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Facebook likes and posts will be used to work out car insurance costs for new drivers Reuters

Car owners are to receive insurance quotes based on the language they use in Facebook posts, one of the UK's largest insurers has revealed.

Admiral Insurance will start to use its own algorithm to estimate how safe a driver will be based on the language they use on Facebook posts, and what they like on the social network. Photos will not be included, but character traits based on language use will.

Writing short sentences and using lists are examples of traits which could make a driver safer, the insurer says, along with arranging to meet with friends at a specific time and place, rather than "tonight".

Admiral believes this analysis of language will help it determine the self-confidence of a driver. Examples of over-confident behaviour include use of exclamation marks and frequent use of words like "always" and "never" instead of "maybe". Such over-confidence could lead to the driver being less safe on the roads and therefore a higher insurance risk, the company reasons.

The system is called Firstcarquote and is aimed at new drivers who are insuring their own car for the first time; these are typically the highest risk customers and as a result receive the largest insurance quotes. Admiral says the system is entirely optional and will only be used to lower insurances quotes where possible, not increase them.

Admiral says it only looks at a "snapshot" of your Facebook content during the quote application process and does not have ongoing access. Facebook cannot not see a customer's insurance details.

To stop Facebook posts from years ago impacting a customer's quote, the system "puts an emphasis on recent information, particularly your behaviour in the last six months," Admiral says, however older posts are still considered.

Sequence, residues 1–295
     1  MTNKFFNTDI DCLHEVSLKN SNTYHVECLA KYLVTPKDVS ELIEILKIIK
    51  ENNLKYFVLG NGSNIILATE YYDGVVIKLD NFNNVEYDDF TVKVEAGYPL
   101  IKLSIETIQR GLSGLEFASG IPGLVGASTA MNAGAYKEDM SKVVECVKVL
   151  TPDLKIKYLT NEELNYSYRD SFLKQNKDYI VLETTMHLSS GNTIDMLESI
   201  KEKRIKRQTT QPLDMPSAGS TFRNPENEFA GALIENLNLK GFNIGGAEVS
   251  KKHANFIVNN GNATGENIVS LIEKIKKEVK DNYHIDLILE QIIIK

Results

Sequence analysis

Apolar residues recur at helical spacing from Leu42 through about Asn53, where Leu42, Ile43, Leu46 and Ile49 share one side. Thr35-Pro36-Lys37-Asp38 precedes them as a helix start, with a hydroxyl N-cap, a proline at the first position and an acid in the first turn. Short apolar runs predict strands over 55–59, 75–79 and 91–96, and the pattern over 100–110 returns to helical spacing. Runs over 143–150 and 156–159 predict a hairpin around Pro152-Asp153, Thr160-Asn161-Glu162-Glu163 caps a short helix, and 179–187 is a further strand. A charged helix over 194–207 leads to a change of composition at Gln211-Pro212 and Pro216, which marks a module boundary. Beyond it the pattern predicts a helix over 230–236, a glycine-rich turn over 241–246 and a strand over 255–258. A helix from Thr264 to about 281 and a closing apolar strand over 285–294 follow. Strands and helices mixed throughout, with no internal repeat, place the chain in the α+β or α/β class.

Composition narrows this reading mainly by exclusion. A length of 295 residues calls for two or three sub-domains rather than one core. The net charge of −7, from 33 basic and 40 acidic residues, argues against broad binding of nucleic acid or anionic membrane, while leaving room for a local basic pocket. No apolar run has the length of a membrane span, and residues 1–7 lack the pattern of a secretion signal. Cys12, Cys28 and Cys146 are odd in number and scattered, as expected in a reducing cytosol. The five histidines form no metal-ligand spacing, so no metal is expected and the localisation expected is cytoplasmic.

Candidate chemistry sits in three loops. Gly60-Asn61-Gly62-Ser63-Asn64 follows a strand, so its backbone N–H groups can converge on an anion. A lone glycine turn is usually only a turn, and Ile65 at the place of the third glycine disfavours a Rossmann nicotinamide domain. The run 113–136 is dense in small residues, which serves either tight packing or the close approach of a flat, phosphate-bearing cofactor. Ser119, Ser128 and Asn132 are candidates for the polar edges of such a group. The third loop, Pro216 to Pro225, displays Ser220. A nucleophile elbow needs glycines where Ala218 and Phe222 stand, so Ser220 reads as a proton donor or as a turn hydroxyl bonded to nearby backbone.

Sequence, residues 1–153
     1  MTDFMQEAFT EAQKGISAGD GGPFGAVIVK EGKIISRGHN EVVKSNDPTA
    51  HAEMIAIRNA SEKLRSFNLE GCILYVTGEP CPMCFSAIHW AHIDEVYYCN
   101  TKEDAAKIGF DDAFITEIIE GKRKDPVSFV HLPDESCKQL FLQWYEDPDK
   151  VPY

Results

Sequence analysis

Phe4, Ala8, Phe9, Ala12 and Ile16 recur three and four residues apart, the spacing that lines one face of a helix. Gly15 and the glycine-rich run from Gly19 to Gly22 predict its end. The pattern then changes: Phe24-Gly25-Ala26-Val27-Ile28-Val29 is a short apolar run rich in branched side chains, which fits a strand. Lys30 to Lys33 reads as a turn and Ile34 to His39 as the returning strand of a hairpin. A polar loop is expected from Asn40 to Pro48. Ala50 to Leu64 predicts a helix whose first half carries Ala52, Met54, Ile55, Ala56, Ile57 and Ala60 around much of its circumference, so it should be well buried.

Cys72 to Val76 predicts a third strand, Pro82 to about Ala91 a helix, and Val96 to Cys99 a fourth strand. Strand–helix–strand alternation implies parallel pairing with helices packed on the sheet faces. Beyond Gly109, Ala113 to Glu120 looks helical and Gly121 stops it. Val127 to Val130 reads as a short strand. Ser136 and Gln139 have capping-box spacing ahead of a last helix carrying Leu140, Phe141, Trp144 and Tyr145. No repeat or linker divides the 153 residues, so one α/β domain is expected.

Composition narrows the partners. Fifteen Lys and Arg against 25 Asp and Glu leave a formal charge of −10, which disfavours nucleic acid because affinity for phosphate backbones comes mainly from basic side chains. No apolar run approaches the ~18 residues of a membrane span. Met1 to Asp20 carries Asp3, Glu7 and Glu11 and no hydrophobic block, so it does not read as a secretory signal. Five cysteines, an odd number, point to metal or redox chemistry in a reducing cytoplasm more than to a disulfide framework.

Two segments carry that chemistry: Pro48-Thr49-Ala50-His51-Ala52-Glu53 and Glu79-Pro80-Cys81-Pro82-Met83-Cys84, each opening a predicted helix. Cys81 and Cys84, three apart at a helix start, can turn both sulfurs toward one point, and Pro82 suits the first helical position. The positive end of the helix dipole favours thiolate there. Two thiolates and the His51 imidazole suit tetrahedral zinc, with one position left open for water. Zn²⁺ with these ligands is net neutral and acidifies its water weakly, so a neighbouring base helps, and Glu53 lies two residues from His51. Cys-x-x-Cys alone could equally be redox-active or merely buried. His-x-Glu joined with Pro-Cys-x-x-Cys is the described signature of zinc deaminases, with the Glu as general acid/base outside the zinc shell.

A 'proven link' between personality and safe driving

New car owners are encouraged to sign up if they believe their Facebook profile represents them as a safer driver than their age, occupation and home address might otherwise suggest when using traditional insurance algorithms. However, the insurer says any customer can use the system.

Admiral says: "We want to help make sure safe drivers aren't penalised and get the best price possible. To do this, we'll look at your Facebook profile to help us get a better understanding of the type of driver you are. There's a proven link between personality and how people drive, and our clever technology allows us to predict who is likely to be a safe driver."

The insurer denies the service is an invasion of privacy, but adds that how the system is used could be expanded in the future. Firstcarquote project leader Dan Mines told the Guardian: "It is incredibly transparent. If you don't want to use it in a quote then you don't have to...This is very much a test product for us. This is innovative, it is the first time anyone has done this. It is a test, this is early days. The data will only ever provide a discount. We will work through that and learn more."

As for how the algorithm could be used in the future, and if it could increase prices, Mines said: "I think the future is unknown. We don't know if people are prepared to share their data. If we find people aren't sharing their data, then we won't ever get to consider [expanding what the system can do]."